Exactly, but that includes WAN as well! So, if your WAN is some kind of shared media, where other people/customers are connected too, they can sniff some of your internal LAN traffic, and maybe even bypass your routers firewall and attack your internal devices. On my WAN, I get serveral ARP requests per second completely unrelated to my connection.
I know, “don’t shoot the messenger”…
But people really doesn't seem to understand this when we say why this device was stopped for the 22.03 branch (ALL VERSIONS).
But generally many see wan connector as some exclusive isolated port since it is often separated from lan connectors with another color and name on the plastic router box. But in practical terms it is often only a port in the switch and all data traffic is VLAN controlled. And you can use what ever port you like for wan. This is just handled in switch config.
I won't shoot anybody
But one should make it clear, that using these devices can be a great security risk using 22.03.x, if they don't know exactly what they are doing.
I did flash my three WRT32X/WRT3200ACM with a custom snapshot image, even if they are connected to WAN via a VLAN trunk to my ZyXEL GS1900-24E, so there wouldn't be any leaks to WAN and vice versa, as long as local devices connected to the router itself are well behaved and not using wrong VLAN tags.
22.03.2 is still available for my device, shouldn't it also be pulled then? If it also has the bug.
I'm not really comfortable upgrading to snapshot. What packages do I need at the minimum to get to an equal state as a normal install?
Luci. (likely "luci-ssl" )
Nothing else. There really isn't much magic in formal releases. Practically just the LuCI GUI is added to the releases.
I just tried to update with snapshot build. Seemed to be OK but then I realised port forwarding from wan is not working. Firewall rules are listed OK..
Found it: Software flow offloading is not working. After disabling all is OK
But IPTV with igmpproxy show now constantly interrupts.
I have actually two of these my self that I am using for backup, secondary test routers and dev tools behind the operational ER4.
How do we “un-pull” something already built and released and already installed world wide?
The only meaningful thing we can do is to say “do not use anything from the 22.03 branch for mvebu family.”
The thing is that the world isn’t perfect and we can only go forward in one way or the other.
We are instead really glad that actually someone probably pretty much by pure luck and random chance actually got the feeling “hey, there is something wrong here” and started investigating.
Without that initiative no one would have found out, maybe in the future but who knows?
I wasn't used to running s snapshot either, in fact I had never done it before, but I didn't want to stay on a release that seems to have an issue. It was actually incredibly easy, download the snapshot, install and keep settings, and then install the extra packages over ssh.
I know the bug related to kernel 5.10 causes the switch to forward traffic like a hub which kills throughput and exposes VLANs along with other issues. However, just for clarification, does this mean traffic which should be LAN only can end up leaving the WAN port (assuming the firewall doesn't catch it)?
Yes, all traffic going in to any port will be sent out to all other ports, including WAN, and vice versa. This means, firewall and router can be bypassed between devices located in the internal and external broadcast domain.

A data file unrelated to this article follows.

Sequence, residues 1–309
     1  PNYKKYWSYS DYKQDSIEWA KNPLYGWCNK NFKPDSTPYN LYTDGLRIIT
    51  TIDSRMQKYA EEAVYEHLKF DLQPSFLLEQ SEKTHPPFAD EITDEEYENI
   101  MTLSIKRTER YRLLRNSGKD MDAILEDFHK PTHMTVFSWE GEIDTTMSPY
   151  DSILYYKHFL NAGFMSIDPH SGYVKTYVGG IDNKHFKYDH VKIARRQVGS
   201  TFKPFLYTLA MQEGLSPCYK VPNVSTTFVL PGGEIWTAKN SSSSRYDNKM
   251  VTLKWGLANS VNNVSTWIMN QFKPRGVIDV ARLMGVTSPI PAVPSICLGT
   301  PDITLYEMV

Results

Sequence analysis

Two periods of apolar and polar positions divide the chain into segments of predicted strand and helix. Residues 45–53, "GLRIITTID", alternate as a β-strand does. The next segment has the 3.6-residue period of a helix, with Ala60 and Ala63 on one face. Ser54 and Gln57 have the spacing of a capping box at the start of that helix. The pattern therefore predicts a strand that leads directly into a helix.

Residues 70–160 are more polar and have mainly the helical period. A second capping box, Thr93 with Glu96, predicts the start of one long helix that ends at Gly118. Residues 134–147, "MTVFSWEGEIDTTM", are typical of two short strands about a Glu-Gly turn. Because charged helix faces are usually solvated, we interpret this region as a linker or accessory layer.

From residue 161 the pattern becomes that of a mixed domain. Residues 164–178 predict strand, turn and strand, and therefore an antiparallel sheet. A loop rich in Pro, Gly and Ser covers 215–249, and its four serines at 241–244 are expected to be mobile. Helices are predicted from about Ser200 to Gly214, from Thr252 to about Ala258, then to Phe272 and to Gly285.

Thank you for the clarification. In that case, it's obviously a major security issue and not just a minor bandwidth inconvenience for some people who happen to notice. I'd like to request that the security implications of this bug be highlighted a bit better in the " Broken MV88E6176 switch" section of the release notes (and probably elsewhere). As it currently reads, a user could easily not grasp the severity of the situation.
Possible scenarios: your internal devices will receive IPs from an external DHCP server, and vice versa. An external attacker could use arbitrary internal IPs and communicate with most of your internal devices, depending on your internal topology.
There was a different reply on the Github issue: https://github.com/openwrt/openwrt/issues/11077#issuecomment-1382838498
Well, it depends on the internal topology of your router. The bug is in the internal switch, if the device has e .g. an extra CPU WAN port not connected to that switch, that port will not be affected. There maybe devices with only one LAN and one WAN port, and those are still connected to an internal switch. Take a look at the device specs to check it out.
In the case of the 32X, it looks like everything is on the same switch, so would be the worst case scenario.
How can we go about properly conveying this info so affected users know their risk?
See the diagram for the Turris Omnia
There, it seems to be an internal performance issue only, if you don't use any internal VLANs to separate LAN segments.
Remove it from the website, so it can no longer be downloaded. I don't see the logic in keeping previous versions of 22.03 available and then not making this new release available. If the bug exists in all 22.03 versions.
For those who don't want to experiment with snapshots, is 21.02.5 then not a better alternative? Or perhaps going back to stock Linksys firmware.
Not necessarily a better alternative rather just an other alternative.
When we can expect a first RC for 23.x?
EDIT: In my case the device acts just as an AP for main and guest WiFi. The WAN port is connect to a trunk port of the main switch. Should I expect data leakage in this scenario?
When someone does the work, not sure how the moniker of a tagged branch makes things OK, or different than just running a snapshot image.